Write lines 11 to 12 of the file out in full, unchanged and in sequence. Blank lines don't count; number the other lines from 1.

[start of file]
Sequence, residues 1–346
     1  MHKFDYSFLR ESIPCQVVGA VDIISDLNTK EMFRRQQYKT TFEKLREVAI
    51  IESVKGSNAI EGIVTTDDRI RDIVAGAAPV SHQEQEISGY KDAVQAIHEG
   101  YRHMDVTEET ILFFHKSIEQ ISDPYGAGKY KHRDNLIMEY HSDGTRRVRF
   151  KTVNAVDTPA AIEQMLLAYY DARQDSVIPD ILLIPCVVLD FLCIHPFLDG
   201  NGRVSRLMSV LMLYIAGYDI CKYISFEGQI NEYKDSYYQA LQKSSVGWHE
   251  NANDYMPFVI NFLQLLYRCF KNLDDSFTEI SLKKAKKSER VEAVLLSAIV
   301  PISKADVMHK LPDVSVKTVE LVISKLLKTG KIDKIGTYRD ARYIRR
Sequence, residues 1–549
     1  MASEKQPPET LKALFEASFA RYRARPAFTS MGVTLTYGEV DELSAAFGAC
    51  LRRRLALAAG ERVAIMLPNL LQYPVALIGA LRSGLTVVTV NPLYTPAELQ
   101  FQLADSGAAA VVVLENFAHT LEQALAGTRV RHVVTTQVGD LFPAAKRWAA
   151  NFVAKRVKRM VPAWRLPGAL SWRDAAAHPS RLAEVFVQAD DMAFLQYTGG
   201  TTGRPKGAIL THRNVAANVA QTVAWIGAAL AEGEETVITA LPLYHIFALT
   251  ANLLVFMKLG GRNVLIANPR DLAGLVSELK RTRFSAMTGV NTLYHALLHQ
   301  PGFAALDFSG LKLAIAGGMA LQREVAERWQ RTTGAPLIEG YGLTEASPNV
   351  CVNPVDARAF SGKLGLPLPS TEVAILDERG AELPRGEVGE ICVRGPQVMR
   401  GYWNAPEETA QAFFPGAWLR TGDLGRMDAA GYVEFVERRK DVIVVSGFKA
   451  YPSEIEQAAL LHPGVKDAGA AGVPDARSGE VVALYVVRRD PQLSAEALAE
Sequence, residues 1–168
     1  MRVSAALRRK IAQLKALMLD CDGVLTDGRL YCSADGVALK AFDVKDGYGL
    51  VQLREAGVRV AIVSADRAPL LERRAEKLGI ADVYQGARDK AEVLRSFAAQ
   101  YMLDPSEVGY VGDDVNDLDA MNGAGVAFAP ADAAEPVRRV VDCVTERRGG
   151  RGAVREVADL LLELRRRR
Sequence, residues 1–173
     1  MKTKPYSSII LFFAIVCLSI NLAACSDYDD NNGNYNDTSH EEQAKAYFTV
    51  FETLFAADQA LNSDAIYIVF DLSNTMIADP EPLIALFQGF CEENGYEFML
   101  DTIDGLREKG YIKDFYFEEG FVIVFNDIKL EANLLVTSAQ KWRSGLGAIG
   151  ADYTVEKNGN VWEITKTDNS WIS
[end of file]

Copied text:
    51  LRRRLALAAG ERVAIMLPNL LQYPVALIGA LRSGLTVVTV NPLYTPAELQ
   101  FQLADSGAAA VVVLENFAHT LEQALAGTRV RHVVTTQVGD LFPAAKRWAA